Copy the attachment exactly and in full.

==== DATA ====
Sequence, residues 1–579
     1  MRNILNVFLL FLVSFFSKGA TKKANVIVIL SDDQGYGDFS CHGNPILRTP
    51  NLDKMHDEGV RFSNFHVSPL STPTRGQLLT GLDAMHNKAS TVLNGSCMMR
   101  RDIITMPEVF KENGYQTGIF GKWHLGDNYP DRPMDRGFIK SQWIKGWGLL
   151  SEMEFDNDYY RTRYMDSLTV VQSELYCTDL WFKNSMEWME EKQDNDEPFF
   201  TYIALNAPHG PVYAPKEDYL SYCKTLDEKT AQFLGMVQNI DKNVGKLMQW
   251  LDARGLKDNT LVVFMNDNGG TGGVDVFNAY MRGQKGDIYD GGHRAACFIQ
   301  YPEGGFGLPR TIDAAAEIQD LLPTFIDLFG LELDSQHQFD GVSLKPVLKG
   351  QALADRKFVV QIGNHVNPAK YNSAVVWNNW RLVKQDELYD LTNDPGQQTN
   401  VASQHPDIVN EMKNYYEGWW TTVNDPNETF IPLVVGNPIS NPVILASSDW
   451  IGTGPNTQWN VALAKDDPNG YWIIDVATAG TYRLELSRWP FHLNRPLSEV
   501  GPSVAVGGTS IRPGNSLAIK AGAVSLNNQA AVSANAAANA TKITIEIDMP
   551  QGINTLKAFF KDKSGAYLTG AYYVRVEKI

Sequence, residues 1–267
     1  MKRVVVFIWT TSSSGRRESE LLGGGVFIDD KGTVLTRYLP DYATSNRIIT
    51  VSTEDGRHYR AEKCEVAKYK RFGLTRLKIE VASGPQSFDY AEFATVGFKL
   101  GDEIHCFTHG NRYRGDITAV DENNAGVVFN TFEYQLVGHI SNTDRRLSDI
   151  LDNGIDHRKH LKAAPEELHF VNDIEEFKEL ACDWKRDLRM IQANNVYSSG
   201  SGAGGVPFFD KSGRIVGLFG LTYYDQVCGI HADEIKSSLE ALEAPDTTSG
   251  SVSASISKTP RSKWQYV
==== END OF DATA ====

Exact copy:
Sequence, residues 1–579
     1  MRNILNVFLL FLVSFFSKGA TKKANVIVIL SDDQGYGDFS CHGNPILRTP
    51  NLDKMHDEGV RFSNFHVSPL STPTRGQLLT GLDAMHNKAS TVLNGSCMMR
   101  RDIITMPEVF KENGYQTGIF GKWHLGDNYP DRPMDRGFIK SQWIKGWGLL
   151  SEMEFDNDYY RTRYMDSLTV VQSELYCTDL WFKNSMEWME EKQDNDEPFF
   201  TYIALNAPHG PVYAPKEDYL SYCKTLDEKT AQFLGMVQNI DKNVGKLMQW
   251  LDARGLKDNT LVVFMNDNGG TGGVDVFNAY MRGQKGDIYD GGHRAACFIQ
   301  YPEGGFGLPR TIDAAAEIQD LLPTFIDLFG LELDSQHQFD GVSLKPVLKG
   351  QALADRKFVV QIGNHVNPAK YNSAVVWNNW RLVKQDELYD LTNDPGQQTN
   401  VASQHPDIVN EMKNYYEGWW TTVNDPNETF IPLVVGNPIS NPVILASSDW
   451  IGTGPNTQWN VALAKDDPNG YWIIDVATAG TYRLELSRWP FHLNRPLSEV
   501  GPSVAVGGTS IRPGNSLAIK AGAVSLNNQA AVSANAAANA TKITIEIDMP
   551  QGINTLKAFF KDKSGAYLTG AYYVRVEKI

Sequence, residues 1–267
     1  MKRVVVFIWT TSSSGRRESE LLGGGVFIDD KGTVLTRYLP DYATSNRIIT
    51  VSTEDGRHYR AEKCEVAKYK RFGLTRLKIE VASGPQSFDY AEFATVGFKL
   101  GDEIHCFTHG NRYRGDITAV DENNAGVVFN TFEYQLVGHI SNTDRRLSDI
   151  LDNGIDHRKH LKAAPEELHF VNDIEEFKEL ACDWKRDLRM IQANNVYSSG
   201  SGAGGVPFFD KSGRIVGLFG LTYYDQVCGI HADEIKSSLE ALEAPDTTSG
   251  SVSASISKTP RSKWQYV